Warriors’ Harrison Barnes reflects on defending Kobe Bryant moments before tearing Achilles tendon

Lakers' Athletic trainer Gary Vitti looks Kobe Bryant #24 after he hurt his ankle during their game against the Warriors at the Staples Center in Los Angeles Friday, April 12, 2013. The Lakers beat the Warriors 118-116. (Hans Gutknecht/Staff Photographer)

Lakers’ Athletic trainer Gary Vitti looks Kobe Bryant #24 after he hurt his ankle during their game against the Warriors at the Staples Center in Los Angeles Friday, April 12, 2013. The Lakers beat the Warriors 118-116. (Hans Gutknecht/Staff Photographer)

OAKLAND – In an effort both to clear his name and offer support, Golden State Warriors forward Harrison Barnes texted Lakers guard Kobe Bryant.

Barnes had just defended Bryant when he unexpectedly slipped in the waning minutes of the Lakers’ regular-season game April 12 against the Warriors at Staples Center. Barnes then learned Bryant had torn his left Achilles tendon, an injury that ultimately would sideline him for the next eight months.

Shortly after, Barnes spilled out his thoughts to Bryant.

“He had taken a few hard fouls earlier in that game. I just didn’t want him to think it was anything malicious or that I was trying to go after him or anything like that,” Barnes told this newspaper before the Lakers played Golden State on Saturday at Oracle Arena. “I touched base and wished him well. He said it was all good and he didn’t anything of it.”

Incidentally, Bryant had hoped his fall stemmed from Barnes fouling him too hard. Medical experts often describe an Achilles snapping feeling similar to someone kicking it. Barnes confirmed the Lakers’ account that Bryant and his teammates asked Barnes directly if he had done that.

“I said, ‘No I didn’t,’” Barnes said. “As soon as I said that, you could tell by the look on his face that something serious happened to him. I realized it was more than just someone falling to the ground.”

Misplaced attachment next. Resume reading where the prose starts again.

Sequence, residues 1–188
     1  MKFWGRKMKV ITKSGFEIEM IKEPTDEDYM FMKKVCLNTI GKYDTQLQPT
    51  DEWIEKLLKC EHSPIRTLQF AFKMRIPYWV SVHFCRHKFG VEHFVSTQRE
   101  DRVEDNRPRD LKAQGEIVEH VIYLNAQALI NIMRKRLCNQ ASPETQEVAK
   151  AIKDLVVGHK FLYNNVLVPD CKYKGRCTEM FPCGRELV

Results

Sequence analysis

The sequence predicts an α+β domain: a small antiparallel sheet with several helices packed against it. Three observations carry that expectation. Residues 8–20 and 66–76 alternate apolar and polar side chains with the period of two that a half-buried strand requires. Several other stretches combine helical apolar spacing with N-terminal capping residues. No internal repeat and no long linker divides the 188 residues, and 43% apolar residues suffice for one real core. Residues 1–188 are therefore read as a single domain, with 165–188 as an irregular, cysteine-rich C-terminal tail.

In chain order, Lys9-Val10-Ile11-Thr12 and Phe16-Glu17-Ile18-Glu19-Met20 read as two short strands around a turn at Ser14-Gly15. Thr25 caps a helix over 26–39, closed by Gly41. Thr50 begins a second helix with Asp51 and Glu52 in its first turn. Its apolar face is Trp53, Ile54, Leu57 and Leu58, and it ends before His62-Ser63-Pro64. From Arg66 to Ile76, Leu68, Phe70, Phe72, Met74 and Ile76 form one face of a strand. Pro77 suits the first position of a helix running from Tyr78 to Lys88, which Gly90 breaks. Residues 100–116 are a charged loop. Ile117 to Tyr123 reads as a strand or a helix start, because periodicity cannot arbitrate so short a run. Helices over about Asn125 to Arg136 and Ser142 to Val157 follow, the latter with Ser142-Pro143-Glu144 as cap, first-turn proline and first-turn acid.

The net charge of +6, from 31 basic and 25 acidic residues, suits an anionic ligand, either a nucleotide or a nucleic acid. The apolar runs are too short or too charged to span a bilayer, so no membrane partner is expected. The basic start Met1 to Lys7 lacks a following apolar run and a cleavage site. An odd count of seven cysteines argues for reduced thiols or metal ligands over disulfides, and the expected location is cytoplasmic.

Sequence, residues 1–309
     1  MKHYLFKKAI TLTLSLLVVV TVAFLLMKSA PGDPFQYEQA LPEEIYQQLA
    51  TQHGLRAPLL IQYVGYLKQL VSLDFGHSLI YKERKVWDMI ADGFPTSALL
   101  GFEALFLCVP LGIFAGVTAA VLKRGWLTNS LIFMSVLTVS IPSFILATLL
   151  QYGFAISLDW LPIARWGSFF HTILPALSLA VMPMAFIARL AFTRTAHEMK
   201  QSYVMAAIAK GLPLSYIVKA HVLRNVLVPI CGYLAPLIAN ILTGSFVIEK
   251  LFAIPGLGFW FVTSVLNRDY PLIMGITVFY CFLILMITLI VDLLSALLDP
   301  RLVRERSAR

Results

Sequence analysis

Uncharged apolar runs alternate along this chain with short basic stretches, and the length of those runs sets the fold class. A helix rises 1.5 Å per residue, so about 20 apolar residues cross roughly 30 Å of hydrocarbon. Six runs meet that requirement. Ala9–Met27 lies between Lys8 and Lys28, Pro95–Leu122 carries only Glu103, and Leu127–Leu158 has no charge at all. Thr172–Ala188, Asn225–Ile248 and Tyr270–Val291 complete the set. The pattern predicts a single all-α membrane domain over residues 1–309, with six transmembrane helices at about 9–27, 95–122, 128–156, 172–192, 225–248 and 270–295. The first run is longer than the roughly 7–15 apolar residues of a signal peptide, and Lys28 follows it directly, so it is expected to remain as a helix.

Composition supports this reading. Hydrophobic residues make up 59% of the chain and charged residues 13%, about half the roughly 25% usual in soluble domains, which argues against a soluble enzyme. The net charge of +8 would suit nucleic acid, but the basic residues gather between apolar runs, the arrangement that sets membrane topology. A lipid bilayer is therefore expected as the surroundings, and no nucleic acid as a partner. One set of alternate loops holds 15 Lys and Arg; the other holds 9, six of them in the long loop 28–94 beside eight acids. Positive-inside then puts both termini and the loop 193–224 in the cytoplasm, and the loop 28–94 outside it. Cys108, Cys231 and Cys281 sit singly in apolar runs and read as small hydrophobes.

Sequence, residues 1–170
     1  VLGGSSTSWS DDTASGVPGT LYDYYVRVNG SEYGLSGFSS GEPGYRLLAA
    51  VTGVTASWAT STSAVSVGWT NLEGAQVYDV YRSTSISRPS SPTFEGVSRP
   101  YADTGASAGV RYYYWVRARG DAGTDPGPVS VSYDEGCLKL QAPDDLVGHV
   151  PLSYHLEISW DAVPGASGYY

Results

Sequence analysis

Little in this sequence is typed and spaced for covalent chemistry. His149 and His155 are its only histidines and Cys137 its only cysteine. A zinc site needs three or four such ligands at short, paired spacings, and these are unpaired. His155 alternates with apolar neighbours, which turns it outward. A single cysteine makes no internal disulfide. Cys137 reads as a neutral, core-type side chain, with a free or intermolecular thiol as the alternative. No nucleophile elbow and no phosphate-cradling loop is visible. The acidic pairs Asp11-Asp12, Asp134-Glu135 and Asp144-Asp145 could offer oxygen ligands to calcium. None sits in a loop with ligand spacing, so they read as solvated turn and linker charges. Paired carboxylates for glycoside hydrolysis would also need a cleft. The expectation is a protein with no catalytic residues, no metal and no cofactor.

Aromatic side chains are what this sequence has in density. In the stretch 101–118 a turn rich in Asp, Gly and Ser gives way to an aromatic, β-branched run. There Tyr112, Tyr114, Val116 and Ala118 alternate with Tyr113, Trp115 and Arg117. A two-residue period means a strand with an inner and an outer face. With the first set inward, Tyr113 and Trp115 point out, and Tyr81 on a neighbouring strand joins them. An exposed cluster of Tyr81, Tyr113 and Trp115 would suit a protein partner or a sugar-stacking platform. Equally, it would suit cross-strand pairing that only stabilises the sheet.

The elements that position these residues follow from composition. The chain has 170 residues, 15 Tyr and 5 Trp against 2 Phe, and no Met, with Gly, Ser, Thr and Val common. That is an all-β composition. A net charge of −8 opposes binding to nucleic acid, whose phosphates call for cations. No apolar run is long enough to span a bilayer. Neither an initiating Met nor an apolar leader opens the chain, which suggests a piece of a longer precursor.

Yet, Bryant still made two foul shots before essentially walking off the floor on one foot.

“You don’t see many people with a torn Achilles able to make free throws,” Barnes said.

Bryant hasn’t written a Hollywood ending yet with his recovery.

He had averaged 13.8 points on 42.5 percent shooting, 6.3 assists and 5.7 turnovers in 29.5 minutes through six games, a drastic dropoff from his career average of 25.5 points per game on 45.4 percent shooting in 36.6 minutes. The Lakers also expect Bryant to stay sidelined for six more weeks after fracturing his left knee.

“If anyone can come back from all the things he’s been through, it would be him,” Barnes said. “He can come back from Achilles and play on such a short recovery. He’s been through a lot, but I’m sure he’ll able to get through his latest injury just the same. This is who he is. He’s not a self-doubting person. He’s not going to let anything defeat him.”

Follow L.A. Daily News Lakers beat writer Mark Medina on Twitter. E-mail him at mark.medina@dailynews.com

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